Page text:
November 2, 2021
ExploraVision, sponsored by Toshiba America, is the world’s largest kindergarten through 12th grade science competition. The competition aims to help young students expand their imagination while developing an interest in science, technology, engineering and math (STEM). This program is sponsored by Toshiba and administered by the National Science Teaching Association (NSTA). This past year marked the 29th year of this partnership.
Eddie Temistokle is a director of corporate communications for Toshiba America. We spoke to Eddie to learn more about this competition and what it encompassed.
Digital Engineering: Can you provide an overview of the Annual ExploraVision Competition, how it came to be and the intent of the program? Who will be participating or who has participated? How many participants have you had or are you expecting? Any demographics of participants?
Eddie Temistokle: Each year, students work in teams to imagine and envision what technology might be like in 10+ years and propose new ideas based on a challenge that already exists. From there, the students simulate real scientific research to outline how they plan to test their idea and build websites to further illustrate and communicate their concepts.
From the entries, judges choose eight national winning teams comprised of a first-place winner and second-place winner from four groups based on grade level. Members of first place national winning teams each receive a $10,000 U.S. Series EE Savings Bond (at maturity). Members of second place national winning teams will each receive a $5,000 U.S. Series EE Savings Bond (at maturity).
Nearly 2,000 team projects entered the Toshiba/NSTA ExploraVision competition this year, comprised of more than 5,000 students from across the United States and Canada. To date, nearly 450,000 students have competed in the competition over the past 25 years.
DE: Can you tell us about some of the designs that are part of the event and how they came to be?
Temistokle: This year’s winners have gone above and beyond to think critically and creatively about the biggest problems facing our world, from healthcare challenges to sustainability efforts to energy efficiency. Projects include an artificial intelligence-powered toothbrush that can detect viruses, eco-friendly diapers that reduce carbon emissions, and a reusable electromagnetic repulsion system designed to reduce the cost of launching rockets into space.
DE: Can you provide some examples of what the event has produced or what you expect it to produce?
Temistokle: Considering just a few of this year’s winners:
The Toothbrush of Future is a technology invention dreamed up by a team of second graders from Lockwood Elementary in Bothell, WA, is equipped with a camera and sensors, to identify the presence of viruses such as COVID-19 or the flu.
The Coagulation Filtration System is a solar-powered technology designed to remove ecosystem-damaging microplastics from water through the employment of plastic-eating microbe Ideonella sakaiensis, is an innovative approach to water filtration aiming to provide safe drinking water to the more than 2 billion people worldwide that currently draw drinking water from contaminated sources.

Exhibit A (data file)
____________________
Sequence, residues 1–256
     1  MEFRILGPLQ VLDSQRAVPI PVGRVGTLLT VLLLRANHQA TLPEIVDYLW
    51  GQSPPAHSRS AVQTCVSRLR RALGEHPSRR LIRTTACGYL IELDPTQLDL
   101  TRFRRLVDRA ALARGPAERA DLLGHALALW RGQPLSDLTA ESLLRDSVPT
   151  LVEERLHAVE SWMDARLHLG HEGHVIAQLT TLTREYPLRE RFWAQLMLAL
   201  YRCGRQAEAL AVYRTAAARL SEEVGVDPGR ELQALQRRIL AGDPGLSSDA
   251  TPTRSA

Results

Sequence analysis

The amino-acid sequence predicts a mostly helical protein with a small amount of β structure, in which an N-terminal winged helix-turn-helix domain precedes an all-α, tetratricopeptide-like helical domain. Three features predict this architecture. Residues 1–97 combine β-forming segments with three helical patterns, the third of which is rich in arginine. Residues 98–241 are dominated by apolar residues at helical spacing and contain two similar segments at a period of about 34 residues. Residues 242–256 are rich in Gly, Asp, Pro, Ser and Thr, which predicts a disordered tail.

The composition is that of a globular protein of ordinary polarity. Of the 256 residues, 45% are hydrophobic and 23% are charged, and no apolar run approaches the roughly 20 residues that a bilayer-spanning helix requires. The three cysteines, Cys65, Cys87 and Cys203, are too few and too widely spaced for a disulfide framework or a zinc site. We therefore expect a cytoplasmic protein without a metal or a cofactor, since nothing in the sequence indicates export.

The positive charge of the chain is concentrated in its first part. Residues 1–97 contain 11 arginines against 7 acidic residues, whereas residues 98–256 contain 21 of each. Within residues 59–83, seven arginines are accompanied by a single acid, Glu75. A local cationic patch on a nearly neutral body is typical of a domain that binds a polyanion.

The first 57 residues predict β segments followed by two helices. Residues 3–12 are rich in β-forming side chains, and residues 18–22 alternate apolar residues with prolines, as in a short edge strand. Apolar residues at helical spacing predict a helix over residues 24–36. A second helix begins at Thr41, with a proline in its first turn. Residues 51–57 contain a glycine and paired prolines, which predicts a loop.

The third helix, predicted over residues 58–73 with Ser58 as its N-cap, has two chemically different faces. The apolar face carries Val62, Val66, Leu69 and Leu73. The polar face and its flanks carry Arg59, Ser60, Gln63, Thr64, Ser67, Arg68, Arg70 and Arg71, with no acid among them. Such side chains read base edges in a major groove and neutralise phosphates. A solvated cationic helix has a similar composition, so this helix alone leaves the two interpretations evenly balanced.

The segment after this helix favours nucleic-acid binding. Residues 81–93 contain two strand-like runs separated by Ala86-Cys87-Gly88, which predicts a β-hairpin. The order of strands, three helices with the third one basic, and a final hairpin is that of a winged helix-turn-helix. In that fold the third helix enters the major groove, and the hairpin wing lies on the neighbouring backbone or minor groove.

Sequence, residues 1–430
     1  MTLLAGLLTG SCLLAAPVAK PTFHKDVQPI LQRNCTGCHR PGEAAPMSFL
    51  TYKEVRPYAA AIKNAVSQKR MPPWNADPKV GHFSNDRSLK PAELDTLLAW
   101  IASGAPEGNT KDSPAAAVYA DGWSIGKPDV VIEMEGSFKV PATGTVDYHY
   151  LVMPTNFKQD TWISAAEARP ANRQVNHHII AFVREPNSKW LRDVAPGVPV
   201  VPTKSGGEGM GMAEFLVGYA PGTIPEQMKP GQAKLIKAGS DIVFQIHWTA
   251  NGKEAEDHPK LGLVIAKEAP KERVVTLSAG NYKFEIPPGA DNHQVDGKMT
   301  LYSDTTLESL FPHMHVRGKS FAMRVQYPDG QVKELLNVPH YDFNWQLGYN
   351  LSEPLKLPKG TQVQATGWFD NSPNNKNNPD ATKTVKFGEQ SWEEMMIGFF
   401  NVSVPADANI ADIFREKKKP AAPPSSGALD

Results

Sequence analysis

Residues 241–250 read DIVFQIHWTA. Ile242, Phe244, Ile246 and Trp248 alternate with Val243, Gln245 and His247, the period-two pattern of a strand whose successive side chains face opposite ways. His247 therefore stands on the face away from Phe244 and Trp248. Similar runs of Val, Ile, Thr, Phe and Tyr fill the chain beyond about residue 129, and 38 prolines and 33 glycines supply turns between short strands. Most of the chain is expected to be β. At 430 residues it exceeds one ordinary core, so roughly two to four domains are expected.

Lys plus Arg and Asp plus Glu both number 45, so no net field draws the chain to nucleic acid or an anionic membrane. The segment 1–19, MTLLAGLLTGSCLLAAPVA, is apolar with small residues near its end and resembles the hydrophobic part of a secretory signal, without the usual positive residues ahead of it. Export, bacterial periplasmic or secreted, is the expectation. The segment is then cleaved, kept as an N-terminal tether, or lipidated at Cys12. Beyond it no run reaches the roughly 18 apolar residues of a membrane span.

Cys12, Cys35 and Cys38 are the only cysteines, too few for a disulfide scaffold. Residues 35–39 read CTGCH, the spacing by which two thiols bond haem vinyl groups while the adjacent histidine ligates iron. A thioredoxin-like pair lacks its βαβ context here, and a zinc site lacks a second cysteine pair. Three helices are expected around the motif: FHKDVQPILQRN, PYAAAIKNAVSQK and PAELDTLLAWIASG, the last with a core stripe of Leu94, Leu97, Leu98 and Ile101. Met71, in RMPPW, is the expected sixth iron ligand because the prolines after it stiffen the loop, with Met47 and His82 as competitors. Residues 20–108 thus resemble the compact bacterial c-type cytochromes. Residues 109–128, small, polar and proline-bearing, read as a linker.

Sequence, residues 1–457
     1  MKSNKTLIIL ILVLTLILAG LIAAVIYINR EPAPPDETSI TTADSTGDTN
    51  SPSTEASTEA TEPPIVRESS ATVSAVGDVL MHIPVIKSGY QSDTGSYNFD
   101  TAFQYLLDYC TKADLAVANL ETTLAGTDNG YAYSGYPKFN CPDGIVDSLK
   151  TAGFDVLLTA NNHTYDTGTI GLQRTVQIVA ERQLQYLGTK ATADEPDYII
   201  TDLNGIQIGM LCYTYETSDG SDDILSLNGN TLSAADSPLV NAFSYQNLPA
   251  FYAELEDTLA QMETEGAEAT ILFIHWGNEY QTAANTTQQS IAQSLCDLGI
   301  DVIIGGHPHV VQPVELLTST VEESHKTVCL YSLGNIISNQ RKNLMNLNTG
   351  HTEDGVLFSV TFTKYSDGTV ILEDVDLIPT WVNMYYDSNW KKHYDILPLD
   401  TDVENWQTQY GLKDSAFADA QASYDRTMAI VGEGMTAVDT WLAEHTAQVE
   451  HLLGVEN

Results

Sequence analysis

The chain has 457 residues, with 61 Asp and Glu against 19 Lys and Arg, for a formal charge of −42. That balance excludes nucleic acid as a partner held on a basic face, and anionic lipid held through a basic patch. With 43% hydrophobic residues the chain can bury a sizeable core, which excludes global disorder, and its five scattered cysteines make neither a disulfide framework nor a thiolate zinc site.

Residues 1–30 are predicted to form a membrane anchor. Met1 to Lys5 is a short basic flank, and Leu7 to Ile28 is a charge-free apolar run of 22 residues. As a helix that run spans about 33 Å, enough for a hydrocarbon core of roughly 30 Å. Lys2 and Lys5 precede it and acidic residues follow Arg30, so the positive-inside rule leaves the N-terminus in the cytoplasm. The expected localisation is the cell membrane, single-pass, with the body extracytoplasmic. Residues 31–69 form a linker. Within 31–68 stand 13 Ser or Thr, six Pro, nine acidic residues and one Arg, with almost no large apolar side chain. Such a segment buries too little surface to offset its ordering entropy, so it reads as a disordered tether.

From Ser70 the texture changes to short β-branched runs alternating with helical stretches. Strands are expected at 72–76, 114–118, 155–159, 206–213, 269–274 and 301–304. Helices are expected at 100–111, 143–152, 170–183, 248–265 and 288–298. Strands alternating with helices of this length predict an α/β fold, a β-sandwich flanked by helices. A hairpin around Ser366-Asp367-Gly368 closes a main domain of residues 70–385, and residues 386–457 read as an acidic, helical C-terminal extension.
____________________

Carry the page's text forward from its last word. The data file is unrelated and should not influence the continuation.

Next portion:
The Mag-Launcher is a reusable electromagnetic repulsion system designed to reduce the cost of launching rockets and advance space exploration while causing minimal harm to the environment.
Shiitake Diapers is a project that tackles two issues surrounding climate change—carbon emissions and landfills—with fully biodegradable diapers.
DE: Does Toshiba and NSTA have a particular stance on adopting an innovation that is linked to the program? What drove them to sponsor the event and coordinate it?
Temistokle: Fostering young minds’ interest in STEM is at the core of Toshiba—a company committed to raising the quality of life for people around the world. This commitment drove the company to partner with NSTA to create the ExploraVision competition in 1992. For 29 consecutive years, ExploraVision has helped cultivate the next generation of scientists, technology experts, engineers, mathematicians and more.
The program not only helps to envision a more technologically advanced and life-changing future but is generating inspiration among students who will eventually fill these vital careers in STEM fields.
DE: Anything else you’d like to tell us about the event that the above questions haven’t given you the opportunity to express?
Temistokle: This 29th year of the ExploraVision program saw tremendous challenges for schools, teachers and students around the world due to the global pandemic. This year’s achievements in critical and creative thinking are made even more impressive by the challenges many have overcome in navigating education during COVID-19. We applaud our winners and all our entrants for their resilience as well as their ideas for new technologies and smart solutions that improve and enhance our lives and communities.
Since its inception, students have been coming up with innovative ideas and as technology and software become more ubiquitous, the ideas get more realistic. For example, K-3 grades came up with the idea of PAL in 1993 (like iWatch), a fridge with a brain in 1996 and Smart Touch First Aid Kit (virtual doctor visits) in 2010. Recently, there are many students even lower grades like 4-6 are using 3D software to create video presentation.
Jim Romeo is a freelance writer based in Chesapeake, VA. Send e-mail about this article to [email protected]